Researchers pinpoint two genes that trigger severest form of ovarian cancer

January 27, 2015
Clumps of ovarian clear cell carcinoma cells formed when the two genes ARID1A and PIK3CA were mutated in mice. Credit: Ron Chandler, Ph.D., UNC School of Medicine

In the battle against ovarian cancer, UNC School of Medicine researchers have created the first mouse model of the worst form of the disease and found a potential route to better treatments and much-needed diagnostic screens.

Led by Terry Magnuson, PhD, the Sarah Graham Kenan Professor and chair of the department of genetics, a team of UNC genetics researchers discovered how two genes interact to trigger cancer and then spur on its development.

"It's an extremely aggressive model of the disease, which is how this form of presents in women," said Magnuson, who is also a member of the UNC Lineberger Comprehensive Cancer Center. Not all mouse models of human diseases provide accurate depictions of the human condition. Magnuson's , though, is based on genetic mutations found in human cancer samples.

Mutations in two genes -ARID1A and PIK3CA - were previously unknown to cause cancer. "When ARID1A is less active than normal and PIK3CA is overactive," Magnuson said, "the result is ovarian clear cell carcinoma 100 percent of the time in our model."

The research also showed that a drug called BKM120, which suppresses PI3 kinases, directly inhibited tumor growth and significantly prolonged the lives of mice. The drug is currently being tested in human clinical trials for other forms of cancer.

The work, published today in the journal Nature Communications, was spearheaded by Ron Chandler, PhD, a postdoctoral fellow in Magnuson's lab. Chandler had been studying the ARID1A gene - which normally functions as a tumor suppressor in people - when results from cancer genome sequencing projects showed that the ARID1A gene was highly mutated in several types of tumors, including ovarian clear cell carcinoma. Chandler began researching the gene's precise function in that disease and found that deleting it in mice did not cause tumor formation or .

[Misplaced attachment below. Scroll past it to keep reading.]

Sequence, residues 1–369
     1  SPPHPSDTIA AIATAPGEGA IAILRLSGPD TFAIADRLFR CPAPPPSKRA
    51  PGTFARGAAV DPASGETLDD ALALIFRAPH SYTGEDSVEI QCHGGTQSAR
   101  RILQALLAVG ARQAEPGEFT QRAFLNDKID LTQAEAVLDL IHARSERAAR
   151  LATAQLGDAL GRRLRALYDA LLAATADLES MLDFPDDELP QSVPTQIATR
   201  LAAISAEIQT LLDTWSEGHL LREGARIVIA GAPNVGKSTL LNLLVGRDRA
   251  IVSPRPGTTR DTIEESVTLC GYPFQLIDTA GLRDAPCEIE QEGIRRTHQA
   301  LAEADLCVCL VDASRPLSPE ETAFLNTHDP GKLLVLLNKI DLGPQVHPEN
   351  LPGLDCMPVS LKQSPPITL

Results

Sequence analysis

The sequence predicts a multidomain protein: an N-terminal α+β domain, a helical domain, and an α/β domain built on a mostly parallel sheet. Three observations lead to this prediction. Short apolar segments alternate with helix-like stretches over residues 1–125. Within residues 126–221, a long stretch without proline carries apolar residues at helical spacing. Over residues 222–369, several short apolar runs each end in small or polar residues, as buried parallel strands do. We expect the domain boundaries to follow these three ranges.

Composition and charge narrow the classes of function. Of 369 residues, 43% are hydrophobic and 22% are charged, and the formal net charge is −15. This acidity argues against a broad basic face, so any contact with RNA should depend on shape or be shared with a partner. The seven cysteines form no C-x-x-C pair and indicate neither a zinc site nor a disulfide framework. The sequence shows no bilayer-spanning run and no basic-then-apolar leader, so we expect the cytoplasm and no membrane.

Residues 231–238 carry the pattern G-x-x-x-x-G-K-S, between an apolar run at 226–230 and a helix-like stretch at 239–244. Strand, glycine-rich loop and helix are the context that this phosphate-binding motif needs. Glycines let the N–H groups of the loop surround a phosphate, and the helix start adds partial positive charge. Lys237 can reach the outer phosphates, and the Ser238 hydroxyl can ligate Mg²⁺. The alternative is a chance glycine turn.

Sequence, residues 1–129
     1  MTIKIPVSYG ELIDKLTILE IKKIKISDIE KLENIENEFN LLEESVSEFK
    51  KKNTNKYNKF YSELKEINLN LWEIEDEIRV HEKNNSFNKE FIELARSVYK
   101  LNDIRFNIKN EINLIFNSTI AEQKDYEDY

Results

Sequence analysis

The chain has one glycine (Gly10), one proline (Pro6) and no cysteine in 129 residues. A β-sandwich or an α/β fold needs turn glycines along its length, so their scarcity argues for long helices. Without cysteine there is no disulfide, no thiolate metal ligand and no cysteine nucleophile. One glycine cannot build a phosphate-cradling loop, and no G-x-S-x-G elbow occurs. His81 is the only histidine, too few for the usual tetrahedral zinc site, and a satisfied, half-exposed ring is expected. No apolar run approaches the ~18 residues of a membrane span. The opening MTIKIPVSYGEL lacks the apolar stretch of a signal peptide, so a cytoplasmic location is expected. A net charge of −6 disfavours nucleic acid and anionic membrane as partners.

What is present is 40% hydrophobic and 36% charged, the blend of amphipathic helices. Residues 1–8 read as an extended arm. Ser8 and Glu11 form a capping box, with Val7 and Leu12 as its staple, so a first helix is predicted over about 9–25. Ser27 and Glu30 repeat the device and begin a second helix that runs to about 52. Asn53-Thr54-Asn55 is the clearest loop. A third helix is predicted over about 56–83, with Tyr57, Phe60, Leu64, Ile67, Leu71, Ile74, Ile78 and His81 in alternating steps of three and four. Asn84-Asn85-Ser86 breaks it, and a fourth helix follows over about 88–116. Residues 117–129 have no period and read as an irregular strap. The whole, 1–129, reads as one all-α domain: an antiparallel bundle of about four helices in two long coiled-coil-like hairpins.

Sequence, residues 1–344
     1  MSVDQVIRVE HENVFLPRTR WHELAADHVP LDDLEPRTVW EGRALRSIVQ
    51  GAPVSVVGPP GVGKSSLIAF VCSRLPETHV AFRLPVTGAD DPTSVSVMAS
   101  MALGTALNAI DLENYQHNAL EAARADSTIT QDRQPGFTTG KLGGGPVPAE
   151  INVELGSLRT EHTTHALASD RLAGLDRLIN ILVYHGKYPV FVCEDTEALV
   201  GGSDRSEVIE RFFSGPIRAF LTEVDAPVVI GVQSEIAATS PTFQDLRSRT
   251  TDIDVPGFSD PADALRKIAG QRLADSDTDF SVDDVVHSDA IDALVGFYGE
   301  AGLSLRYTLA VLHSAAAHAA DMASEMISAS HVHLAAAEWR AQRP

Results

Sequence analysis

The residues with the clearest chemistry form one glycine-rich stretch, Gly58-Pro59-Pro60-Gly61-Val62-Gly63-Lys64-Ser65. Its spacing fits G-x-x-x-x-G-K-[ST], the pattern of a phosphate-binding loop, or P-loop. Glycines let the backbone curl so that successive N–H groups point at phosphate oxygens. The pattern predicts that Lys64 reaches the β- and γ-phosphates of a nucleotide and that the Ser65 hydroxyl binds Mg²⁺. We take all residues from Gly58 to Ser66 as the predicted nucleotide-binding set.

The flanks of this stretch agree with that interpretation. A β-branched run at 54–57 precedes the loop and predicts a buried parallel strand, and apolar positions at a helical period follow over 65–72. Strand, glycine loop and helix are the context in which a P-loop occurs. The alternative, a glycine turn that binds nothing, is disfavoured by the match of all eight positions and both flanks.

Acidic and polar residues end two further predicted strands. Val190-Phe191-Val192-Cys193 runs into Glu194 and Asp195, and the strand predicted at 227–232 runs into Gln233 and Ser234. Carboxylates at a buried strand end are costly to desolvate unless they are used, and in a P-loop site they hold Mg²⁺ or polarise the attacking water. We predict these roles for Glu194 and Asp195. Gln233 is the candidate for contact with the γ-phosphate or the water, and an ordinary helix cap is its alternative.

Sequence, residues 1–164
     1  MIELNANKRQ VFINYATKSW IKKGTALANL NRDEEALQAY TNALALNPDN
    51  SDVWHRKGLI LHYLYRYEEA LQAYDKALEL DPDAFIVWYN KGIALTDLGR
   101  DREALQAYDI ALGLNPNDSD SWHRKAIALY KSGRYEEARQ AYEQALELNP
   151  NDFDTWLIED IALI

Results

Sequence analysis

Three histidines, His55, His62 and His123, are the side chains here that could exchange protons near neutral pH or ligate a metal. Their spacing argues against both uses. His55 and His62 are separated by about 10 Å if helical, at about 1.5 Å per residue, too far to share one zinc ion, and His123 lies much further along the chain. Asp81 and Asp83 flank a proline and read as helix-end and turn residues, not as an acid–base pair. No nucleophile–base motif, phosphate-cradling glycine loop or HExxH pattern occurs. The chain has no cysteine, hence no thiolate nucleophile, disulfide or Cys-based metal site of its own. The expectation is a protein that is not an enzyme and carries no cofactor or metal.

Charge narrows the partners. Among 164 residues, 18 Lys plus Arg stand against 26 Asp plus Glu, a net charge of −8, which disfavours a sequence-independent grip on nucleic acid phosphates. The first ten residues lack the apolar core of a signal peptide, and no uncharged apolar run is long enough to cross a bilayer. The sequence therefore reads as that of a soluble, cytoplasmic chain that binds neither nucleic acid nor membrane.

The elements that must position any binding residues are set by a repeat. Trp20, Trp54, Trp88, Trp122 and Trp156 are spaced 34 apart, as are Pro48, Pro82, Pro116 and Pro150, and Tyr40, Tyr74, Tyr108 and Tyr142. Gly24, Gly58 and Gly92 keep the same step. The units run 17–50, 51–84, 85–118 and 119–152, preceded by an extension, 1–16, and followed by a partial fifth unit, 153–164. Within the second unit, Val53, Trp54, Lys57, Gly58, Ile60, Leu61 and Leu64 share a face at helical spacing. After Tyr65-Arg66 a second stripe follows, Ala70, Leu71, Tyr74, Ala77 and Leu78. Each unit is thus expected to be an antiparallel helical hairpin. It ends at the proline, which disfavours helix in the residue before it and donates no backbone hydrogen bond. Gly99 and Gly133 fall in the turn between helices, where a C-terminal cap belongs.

Left image shows: normal mouse ovary. Right image shows: mouse ovary with tumors after for weeks due to specific mutations in the genes ARID1A and PIK3CA. Credit: Ron Chandler, Ph.D., UNC School of Medicine

"We found that the mice needed an additional mutation in the PIK3CA gene, which acts like a catalyst of a cellular pathway important for ," Chandler said. Proper cell cycle regulation is crucial for normal cell growth. When it goes awry, cells can turn cancerous.

"Our research shows why we see mutations of both ARID1A and PIK3CA in various cancers, such as endometrial and gastric cancers," Chandler said. "Too little expression of ARID1A and too much expression of PIK3CA is the perfect storm; the mice always get ovarian clear cell carcinoma. This pair of genes is really important for tumorigenesis."

Magnuson's team also found that ARID1A and PIC3CA mutations led to the overproduction of Interleukin-6, or IL-6, which is a cytokine - a kind of protein crucial for cell signaling that triggers inflammation. "We don't know if inflammation causes ovarian clear cell carcinoma, but we do know it's important for tumor cell growth," Chandler said.

Magnuson added, "We think that IL-6 contributes to ovarian clear cell carcinoma and could lead to death. You really don't want this cytokine circulating in your body."

Magnuson added that treating tumor cells with an IL-6 antibody suppressed cell growth, which is why reducing IL-6 levels could help patients.

Although this research is necessary to find better treatments, Magnuson and Chandler say that their finding could open the door to better screening tools.

"If we can find something measurable that's downstream of ARID1A - such as a cell surface protein or something else we could tease apart - then we could use it as a biomarker of disease," Chandler said. "We could create a way to screen women. Right now, by the time women find out they have ovarian clear cell carcinoma, it's usually too late. If we can find it earlier, we'll have much better luck successfully treating patients."

Provided by: University of North Carolina Health Care

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